Indexing of Gas Tax to Inflation Key Issue in Massachusetts Elections

In 2013, the Democrat-controlled state legislature voted to index the tax rate on gasoline to inflation.  A gas tax indexed to inflation could mean the tax increases as often as annually depending on changes with the U.S. Consumer Price Index.  Democrats running for state Legislature seats may learn the cost of that tax in the elections this fall.

Republicans have latched onto the automatic gas tax increases as a key point in their platform for the fall elections.  Their hope is that many voters upset at the prospect of gasoline prices going up annually because of an automatic tax increase will express their outrage by supporting Republican candidates seeking seats in the state legislature.

Charlie Baker, the Republican candidate running of governor of Massachusetts, expressed frustration that the indexed gas tax took the choice of future tax decisions out of the hands of future legislatures.  Baker called the automatic increases a tax without representation from the people.

Democrat supporters of the indexed gas tax knew they were taking a chance when they voted in support of the change.

“Whenever you have the words `automatic’ and `tax increase’ in the same sentence, you’re already on the defensive,” said Peter Ubertaccio, professor of political science at Stonehill College in Easton, Massachusetts.

However, Democrat supporters felt the indexing of the gas tax was necessary to cover increasing costs to repair roads and bridges.

Indexing of Gas Tax May Lead to Closer Election in Race for Governor among Others

“It’s irresponsible for Charlie Baker to oppose a critical source of transportation funding without offering any plan to replace it,” said Steven Grossman, the Treasurer and Receiver-General of Massachusetts who is one of several seeking the Democrat nomination to run for governor of Massachusetts.

Based on historic changes in the U.S. Consumer Price Index, the gas tax would mean a one cent increase in gasoline prices every two years, in addition to any increase in price tied purely to the underlying cost of gasoline.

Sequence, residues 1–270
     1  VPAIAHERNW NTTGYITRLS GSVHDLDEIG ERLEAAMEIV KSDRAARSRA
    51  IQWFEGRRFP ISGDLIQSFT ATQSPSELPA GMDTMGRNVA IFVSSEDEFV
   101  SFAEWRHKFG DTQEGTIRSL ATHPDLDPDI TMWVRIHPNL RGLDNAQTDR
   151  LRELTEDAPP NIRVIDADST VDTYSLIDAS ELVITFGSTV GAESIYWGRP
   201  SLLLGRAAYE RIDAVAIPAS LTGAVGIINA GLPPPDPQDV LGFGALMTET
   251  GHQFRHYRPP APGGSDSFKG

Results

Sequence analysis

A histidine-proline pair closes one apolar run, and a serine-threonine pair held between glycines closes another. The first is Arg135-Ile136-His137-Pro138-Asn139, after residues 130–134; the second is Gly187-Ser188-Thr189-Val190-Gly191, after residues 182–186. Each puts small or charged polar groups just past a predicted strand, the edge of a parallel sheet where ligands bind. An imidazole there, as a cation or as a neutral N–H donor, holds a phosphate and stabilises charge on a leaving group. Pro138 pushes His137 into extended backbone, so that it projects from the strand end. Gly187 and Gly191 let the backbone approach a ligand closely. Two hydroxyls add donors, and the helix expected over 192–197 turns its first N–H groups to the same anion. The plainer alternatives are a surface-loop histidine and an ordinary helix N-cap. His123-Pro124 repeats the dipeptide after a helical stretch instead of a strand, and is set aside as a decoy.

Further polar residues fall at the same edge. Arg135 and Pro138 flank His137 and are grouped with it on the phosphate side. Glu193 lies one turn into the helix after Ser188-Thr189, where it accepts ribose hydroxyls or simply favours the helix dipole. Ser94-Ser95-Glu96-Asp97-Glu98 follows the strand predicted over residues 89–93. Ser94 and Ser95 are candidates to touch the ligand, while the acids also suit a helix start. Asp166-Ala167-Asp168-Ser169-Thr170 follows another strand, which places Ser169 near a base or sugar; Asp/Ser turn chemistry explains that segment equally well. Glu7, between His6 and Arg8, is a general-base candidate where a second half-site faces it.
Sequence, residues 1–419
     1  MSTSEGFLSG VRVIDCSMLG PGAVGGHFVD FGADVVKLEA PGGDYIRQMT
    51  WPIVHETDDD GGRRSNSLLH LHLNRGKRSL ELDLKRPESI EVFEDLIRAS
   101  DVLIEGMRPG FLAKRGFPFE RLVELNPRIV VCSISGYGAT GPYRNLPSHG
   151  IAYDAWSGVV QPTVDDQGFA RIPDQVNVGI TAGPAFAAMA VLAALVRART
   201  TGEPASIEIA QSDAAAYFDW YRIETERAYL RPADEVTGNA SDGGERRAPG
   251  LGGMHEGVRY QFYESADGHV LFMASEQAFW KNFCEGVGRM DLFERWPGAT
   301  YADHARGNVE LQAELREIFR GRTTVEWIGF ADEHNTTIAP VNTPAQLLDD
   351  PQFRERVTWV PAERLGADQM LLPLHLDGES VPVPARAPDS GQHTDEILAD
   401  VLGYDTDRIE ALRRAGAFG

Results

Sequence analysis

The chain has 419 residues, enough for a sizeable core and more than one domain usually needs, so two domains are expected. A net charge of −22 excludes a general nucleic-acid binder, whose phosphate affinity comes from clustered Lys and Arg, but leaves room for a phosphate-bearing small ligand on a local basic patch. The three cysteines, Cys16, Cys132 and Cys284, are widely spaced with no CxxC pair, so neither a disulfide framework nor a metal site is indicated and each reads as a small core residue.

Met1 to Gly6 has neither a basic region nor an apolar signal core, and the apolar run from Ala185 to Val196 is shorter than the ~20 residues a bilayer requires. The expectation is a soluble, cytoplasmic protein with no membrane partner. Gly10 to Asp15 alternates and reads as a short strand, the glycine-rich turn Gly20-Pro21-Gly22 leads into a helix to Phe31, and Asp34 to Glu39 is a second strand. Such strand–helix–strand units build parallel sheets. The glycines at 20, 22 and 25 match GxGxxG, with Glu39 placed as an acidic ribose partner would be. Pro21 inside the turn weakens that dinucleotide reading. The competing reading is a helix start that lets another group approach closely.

“It’s a tiny increase,” said Michael J. Widmer, President of the Massachusetts Taxpayers Foundation, an organization that provides non-partisan research and recommendations on tax policies.  “Yet it would generate significant revenue to help the state keep up with road and bridge maintenance.”

The decision to index increases in gasoline tax was accompanied by an initial increase in the gas tax of 3 cents per gallon, bringing the total gas tax to 24 cents per gallon.  The increase marked the first such increase in the gas tax since 1991.

Widmer continue by noting that an automatic increase in the gas tax seemed reasonable, since the tax had not been increased in 23 years and it was unlikely the state legislature would have time to revisit the topic on a regular basis going forward.

One of the Democrat candidates seeking the governor position is Joseph Avellone, the only Democrat candidate who is opposed to the automatic increase of the gas tax.

“As governor, I would be transparent and upfront with the public when advocating additional taxes on the middle class and small business,” said Avellone.  Avellone is considered a moderate Democrat.

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by Mark Johnston

Mark has been a contributor to legal web sites related to bankruptcy, tax, and criminal law since 2011. He has an Accounting degree from Texas A&M University.